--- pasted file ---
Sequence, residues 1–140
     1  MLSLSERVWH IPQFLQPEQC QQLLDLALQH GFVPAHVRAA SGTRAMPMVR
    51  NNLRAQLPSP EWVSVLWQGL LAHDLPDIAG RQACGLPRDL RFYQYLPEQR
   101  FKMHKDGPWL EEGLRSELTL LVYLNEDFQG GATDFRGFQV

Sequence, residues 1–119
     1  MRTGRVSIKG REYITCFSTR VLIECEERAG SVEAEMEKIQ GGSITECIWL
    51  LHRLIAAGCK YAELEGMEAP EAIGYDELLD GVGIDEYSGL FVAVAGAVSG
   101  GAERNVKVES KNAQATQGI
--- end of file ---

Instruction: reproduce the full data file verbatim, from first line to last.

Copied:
Sequence, residues 1–140
     1  MLSLSERVWH IPQFLQPEQC QQLLDLALQH GFVPAHVRAA SGTRAMPMVR
    51  NNLRAQLPSP EWVSVLWQGL LAHDLPDIAG RQACGLPRDL RFYQYLPEQR
   101  FKMHKDGPWL EEGLRSELTL LVYLNEDFQG GATDFRGFQV

Sequence, residues 1–119
     1  MRTGRVSIKG REYITCFSTR VLIECEERAG SVEAEMEKIQ GGSITECIWL
    51  LHRLIAAGCK YAELEGMEAP EAIGYDELLD GVGIDEYSGL FVAVAGAVSG
   101  GAERNVKVES KNAQATQGI